15. Effects on Society Media violence contribute to a more violent society • The extremely high aggravated assault rates in our societies depends on many factors • What’s the actual cost of video game violence? • Suppose game violence can be blamed for some murders. How many do you think is acceptable?

  16. Effects on Society Economical impact • A value added to the economy? • What would happen to the market size without highly violent games? (According to ESA, 16 of the top 20 best-selling games where rated E for everyone) What does the prevalent fascination by violence as entertainment say about our society?

  17. Fundamental Ethical Principles • Human life • Care for children • Trust among people

  18. Ethical Principles Relevant for the Debate The right to free speech • Free speech legislations • E.g. First Amendment Convention on the Rights of the Child http://www.unhchr.ch/html/menu3/b/k2crc.htm • Children’s right to healthy development Amendment I: Congress shall make no law respecting an establishment of religion, or prohibiting the free exercise thereof; or abridging the freedom of speech, or of the press; or the right of the people peaceably to assemble, and to petition the Government for a redress of grievances.

  19. Relevant Ethical Principles ACM codes of ethics for computer professionals • Contribute to society and well being • Avoid harm to others • Ensure that users and those who will be affected by a system have their needs clearly articulated during the assessment and design of requirements

  20. UNESCOCulture of Peace "Since wars begin in the minds of men, it is in the minds of men that the defences of peace must be constructed". The UNESCO Culture of Peace Program ("CPP") encourages a caring society that protects the rights of those who are weak, such as children, the handicapped, the elderly and the socially disadvantaged. The full participation and empowerment of women is essential to the development of a culture of peace. It was the monopolization of warfare by men that led to the exclusion of women from power. But women's skills of exchange, co-operation and solidarity, as well as their experience of giving birth, bringing up the next generation and managing informal economies, are all essential to the evolution of a culture of peace ... Women, in all societies the transmitters of the history, customs and traditions of their people, are the key to the development of a culture of peace, which cannot be superimposed upon society, but must evolve.

  21. Family's Responsibility The UN “Convention on the Rights of the Child” recognizes some fundamental principles that most of the member nations has agreed up on: …that childhood is entitled to special care and assistance, Convinced that the family, as the fundamental group of society and the natural environment for the growth and well-being of all its members and particularly children, should be afforded the necessary protection and assistance so that it can fully assume its responsibilities within the community.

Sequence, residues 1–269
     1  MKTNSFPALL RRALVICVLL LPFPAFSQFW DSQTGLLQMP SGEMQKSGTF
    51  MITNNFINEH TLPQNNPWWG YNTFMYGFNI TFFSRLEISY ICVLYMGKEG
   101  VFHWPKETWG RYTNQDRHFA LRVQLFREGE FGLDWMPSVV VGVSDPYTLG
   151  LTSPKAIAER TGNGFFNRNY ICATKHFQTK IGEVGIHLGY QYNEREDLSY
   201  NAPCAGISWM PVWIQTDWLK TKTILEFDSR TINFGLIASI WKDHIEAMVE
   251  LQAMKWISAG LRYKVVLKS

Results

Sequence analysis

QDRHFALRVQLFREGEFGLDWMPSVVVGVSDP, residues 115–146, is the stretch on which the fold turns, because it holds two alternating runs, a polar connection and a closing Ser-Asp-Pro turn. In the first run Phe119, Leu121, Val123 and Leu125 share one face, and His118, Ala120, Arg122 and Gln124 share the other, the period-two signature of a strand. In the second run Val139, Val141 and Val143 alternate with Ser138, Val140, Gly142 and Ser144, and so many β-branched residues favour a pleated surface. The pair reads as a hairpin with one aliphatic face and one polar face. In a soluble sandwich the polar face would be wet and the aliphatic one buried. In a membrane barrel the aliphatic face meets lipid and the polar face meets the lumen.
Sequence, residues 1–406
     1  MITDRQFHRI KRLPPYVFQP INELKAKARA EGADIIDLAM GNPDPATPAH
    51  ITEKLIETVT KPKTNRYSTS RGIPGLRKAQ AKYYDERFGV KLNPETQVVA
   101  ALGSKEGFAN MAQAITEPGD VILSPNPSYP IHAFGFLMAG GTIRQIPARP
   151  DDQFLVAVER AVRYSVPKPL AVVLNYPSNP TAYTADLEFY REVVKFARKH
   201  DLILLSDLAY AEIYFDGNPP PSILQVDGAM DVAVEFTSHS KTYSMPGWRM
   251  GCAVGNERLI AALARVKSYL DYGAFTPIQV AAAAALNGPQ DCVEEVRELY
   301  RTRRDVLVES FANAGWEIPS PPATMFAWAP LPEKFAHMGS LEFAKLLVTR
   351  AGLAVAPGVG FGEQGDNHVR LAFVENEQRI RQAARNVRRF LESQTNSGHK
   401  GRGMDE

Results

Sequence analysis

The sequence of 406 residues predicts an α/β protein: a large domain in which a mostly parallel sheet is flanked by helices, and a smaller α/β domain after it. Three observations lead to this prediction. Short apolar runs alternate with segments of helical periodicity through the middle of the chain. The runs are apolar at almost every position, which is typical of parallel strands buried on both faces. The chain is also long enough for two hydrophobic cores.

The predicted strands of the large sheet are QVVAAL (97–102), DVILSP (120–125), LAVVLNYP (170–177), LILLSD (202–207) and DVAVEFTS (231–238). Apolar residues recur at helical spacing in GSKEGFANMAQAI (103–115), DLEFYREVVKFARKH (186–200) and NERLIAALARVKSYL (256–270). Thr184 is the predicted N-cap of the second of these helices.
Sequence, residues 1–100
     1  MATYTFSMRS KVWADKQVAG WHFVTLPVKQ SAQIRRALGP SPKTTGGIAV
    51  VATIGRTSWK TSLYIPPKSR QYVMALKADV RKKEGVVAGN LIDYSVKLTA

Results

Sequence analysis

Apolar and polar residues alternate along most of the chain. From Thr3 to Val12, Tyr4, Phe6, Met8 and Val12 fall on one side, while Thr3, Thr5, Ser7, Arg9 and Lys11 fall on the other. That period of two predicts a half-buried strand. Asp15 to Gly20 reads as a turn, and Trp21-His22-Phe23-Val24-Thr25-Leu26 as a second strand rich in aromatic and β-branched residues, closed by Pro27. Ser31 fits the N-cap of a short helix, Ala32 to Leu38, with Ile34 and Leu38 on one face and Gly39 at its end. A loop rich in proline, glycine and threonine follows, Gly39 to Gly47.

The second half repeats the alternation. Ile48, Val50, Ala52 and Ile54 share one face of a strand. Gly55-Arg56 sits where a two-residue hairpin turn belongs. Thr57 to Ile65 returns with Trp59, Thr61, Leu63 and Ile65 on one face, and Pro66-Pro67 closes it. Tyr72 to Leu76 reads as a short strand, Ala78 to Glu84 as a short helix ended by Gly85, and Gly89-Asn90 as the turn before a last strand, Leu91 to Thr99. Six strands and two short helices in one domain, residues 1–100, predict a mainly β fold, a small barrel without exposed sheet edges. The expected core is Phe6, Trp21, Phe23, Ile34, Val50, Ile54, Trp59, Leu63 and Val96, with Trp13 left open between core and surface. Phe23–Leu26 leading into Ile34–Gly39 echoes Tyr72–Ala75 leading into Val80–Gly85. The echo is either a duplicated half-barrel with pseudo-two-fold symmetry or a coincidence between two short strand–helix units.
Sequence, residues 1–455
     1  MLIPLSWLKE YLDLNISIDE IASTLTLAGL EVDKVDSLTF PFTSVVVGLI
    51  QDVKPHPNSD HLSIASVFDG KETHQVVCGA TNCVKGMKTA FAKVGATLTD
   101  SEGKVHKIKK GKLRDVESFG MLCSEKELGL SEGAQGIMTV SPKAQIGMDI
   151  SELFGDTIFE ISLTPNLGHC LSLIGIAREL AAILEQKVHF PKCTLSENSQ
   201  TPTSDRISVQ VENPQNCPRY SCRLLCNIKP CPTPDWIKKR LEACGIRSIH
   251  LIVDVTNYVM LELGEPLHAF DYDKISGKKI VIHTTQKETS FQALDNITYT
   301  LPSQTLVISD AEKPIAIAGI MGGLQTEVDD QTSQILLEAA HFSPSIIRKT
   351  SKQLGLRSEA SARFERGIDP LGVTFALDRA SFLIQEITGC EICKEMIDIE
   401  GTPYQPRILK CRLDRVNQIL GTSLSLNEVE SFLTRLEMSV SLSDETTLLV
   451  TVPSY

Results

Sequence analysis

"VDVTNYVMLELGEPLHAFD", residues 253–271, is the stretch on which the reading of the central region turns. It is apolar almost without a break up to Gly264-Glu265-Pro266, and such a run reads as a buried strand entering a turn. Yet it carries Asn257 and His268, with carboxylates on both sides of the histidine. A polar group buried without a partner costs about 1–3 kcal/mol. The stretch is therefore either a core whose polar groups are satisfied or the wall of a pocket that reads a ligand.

22. Society's Responsibility The preparation of the child for responsible life in a free society, in the spirit of understanding, peace, tolerance, equality of sexes, and friendship among all peoples, ethnic, national and religious groups

  23. Game Industry’s Standpoint • Defends their constitutional right to free speech, in all its various forms, which includes the right to produce whatever games they like (they can sell) • Parents have the right to make choices freely about what is best for their children • No harmful effects have been proven • Accepts game rating through their own organization Entertainment Software Rating Board (ESRB)

  24. What to Do? • TV violence increases aggressive behavior (”desensibilisation”) • Violent games are likely to have even more effect because of ”reinforcement learning” • How about the argument that human basically is an agressive animal, that have a need to work off its anger one way or the other, and if so, then it is best to take it out on a computer in virtual fight then on real people? • ”Conditioning” of soldiers by violent video games, empathy and habit • Media violence is imitating military conditioning, but without the vital safeguard of discipline. • What about socially sanctioned violence?

  25. CONCLUSIONS • What can we conclude? • About the importance of ethics for professionals? • About our professional responsibility for other peoples well-being? • About future development?

  26. References • Basic material: • MORAL PHILOSOPHY THROUGH THE AGES, James Fieser, Mayfield Publishing Company, 2001 • Craig A. Anderson and Brad J. Bushman, The effects of Media Violence on Society, Science, Vol. 295, pages 2377-2378, 29 March 2002. • http://www.killology.com/art_beh_conditioning.htm Conditioning Kids To Kill • ETHICS AND COMPUTING, Living Responsibly in a Computerized World, Kevin W. Bowyer Editor, IEEE Press 2000 • http://ethics.acusd.edu/presentations/Hinman/theory/relativism/ • http://ethics.acusd.edu/socialethics/ • Additional resources: • http://www.i-r-i-e.net/issue4.htm International Journal of Information Ethics, Special Issue on The Ethics of E-Games, Vol. 4 - December 2005 • http://www.phil.gu.se/munthe/ethicsLinks Internet-sites dealing with ethics • http://www.engr.csulb.edu/~jewett/social/ Social Issues of Computing • http://courses.cs.vt.edu/~cs3604/lib/WorldCodes/WorldCodes.html Codes of Conduct/Practice/Ethics from Around the World • http://ethics.acusd.edu/relativism.html • http://www.ethics.ubc.ca/resources/professional/ Professional Ethics Resources